The Cost of Access to Diabetes Technologies
For people with diabetes having and using technology tools can often be the difference between managing diabetes care well and suffering from unnecessary side effects, diabetes complications like amputations and kidney failure and emergency room visits.
Cost is a big factor in technology access. Among other things:
- About 31% of diabetes patients reported that they did not self-monitor glucose levels because blood glucose monitoring test strips were too expensive, and 47% reported that they did not self-monitor glucose levels because testing was not convenient.
- According to an American Diabetes Association® (ADA) survey taken of 2,595 people with diabetes:
- 1 in 5 people with diabetes say they’ve foregone or put off getting a pump or continuous glucose monitor (CGM). For half of them, it was due to financial strain.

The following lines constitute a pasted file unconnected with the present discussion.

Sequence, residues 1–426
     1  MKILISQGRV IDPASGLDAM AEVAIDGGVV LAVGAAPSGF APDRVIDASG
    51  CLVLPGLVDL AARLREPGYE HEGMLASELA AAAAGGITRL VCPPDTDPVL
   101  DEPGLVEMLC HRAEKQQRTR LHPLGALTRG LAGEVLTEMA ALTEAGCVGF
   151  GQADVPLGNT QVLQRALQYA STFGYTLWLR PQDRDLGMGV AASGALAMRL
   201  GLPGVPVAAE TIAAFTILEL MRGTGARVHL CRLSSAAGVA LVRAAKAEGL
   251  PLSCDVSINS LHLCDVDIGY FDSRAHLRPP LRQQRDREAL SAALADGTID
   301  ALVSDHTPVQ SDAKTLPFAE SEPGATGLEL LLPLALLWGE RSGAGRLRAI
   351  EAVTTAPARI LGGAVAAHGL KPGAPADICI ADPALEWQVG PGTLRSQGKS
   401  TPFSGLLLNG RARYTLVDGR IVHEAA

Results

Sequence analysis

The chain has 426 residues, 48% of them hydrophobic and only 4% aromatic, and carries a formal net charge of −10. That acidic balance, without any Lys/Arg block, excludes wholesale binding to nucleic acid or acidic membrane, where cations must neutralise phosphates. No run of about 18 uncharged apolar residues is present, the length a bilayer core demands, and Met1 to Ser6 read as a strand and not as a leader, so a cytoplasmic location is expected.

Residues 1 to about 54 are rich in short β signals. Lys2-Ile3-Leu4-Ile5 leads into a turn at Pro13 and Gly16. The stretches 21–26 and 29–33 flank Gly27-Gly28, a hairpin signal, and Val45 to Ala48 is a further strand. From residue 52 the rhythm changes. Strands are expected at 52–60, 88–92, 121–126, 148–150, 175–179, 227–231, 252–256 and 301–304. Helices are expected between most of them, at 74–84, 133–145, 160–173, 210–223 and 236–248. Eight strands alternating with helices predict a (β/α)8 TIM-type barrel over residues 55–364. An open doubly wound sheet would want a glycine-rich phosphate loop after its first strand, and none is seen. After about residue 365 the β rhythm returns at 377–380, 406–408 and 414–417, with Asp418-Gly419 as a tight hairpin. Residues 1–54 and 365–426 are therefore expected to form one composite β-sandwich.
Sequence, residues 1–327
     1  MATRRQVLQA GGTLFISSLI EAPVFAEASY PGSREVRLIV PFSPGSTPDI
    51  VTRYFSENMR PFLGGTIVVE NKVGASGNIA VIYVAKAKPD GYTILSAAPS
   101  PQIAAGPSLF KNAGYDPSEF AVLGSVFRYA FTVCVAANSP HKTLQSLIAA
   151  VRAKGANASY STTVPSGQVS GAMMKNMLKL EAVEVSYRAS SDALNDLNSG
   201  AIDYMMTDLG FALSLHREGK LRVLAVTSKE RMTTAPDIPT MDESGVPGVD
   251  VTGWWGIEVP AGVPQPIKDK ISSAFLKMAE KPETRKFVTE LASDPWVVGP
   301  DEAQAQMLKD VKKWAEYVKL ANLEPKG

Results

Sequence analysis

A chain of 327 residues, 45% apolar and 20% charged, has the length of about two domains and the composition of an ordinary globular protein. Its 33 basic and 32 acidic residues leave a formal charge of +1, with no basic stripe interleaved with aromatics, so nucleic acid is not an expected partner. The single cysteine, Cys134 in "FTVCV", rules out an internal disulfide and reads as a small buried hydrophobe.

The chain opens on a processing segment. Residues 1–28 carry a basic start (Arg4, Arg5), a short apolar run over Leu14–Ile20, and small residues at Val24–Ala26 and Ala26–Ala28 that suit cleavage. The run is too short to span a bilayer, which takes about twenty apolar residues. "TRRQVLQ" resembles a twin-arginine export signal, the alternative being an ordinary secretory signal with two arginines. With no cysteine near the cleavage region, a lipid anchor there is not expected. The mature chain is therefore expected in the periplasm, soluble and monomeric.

- 15% of people with diabetes who rely on diabetes management technologies like pumps or CGMs have delayed refilling needed supplies during the pandemic. For 70% of them, it was due to financial strain.
For all people living with diabetes, CGMs provide significant, potentially life-changing benefits for diabetes management and in turn for avoidance or delay of serious co-morbidities, hospitalizations and even death. An ADA study found that for many, CGMs are financially out of reach.
The ADA released a new study looking at pharmacy and medical benefit claims for CGMs across commercial insurance plans, Medicare and Medicaid and data on age, race, geography, and diabetes prevalence. The findings show people of lower income and older people of color who live in states with the highest rates of diabetes prevalence and mortality are the least likely to get access to a CGM. ADA is quite concerned about these findings, given the effect of the COVID-19 pandemic on this population and the importance of tools like CGMs in diabetes management.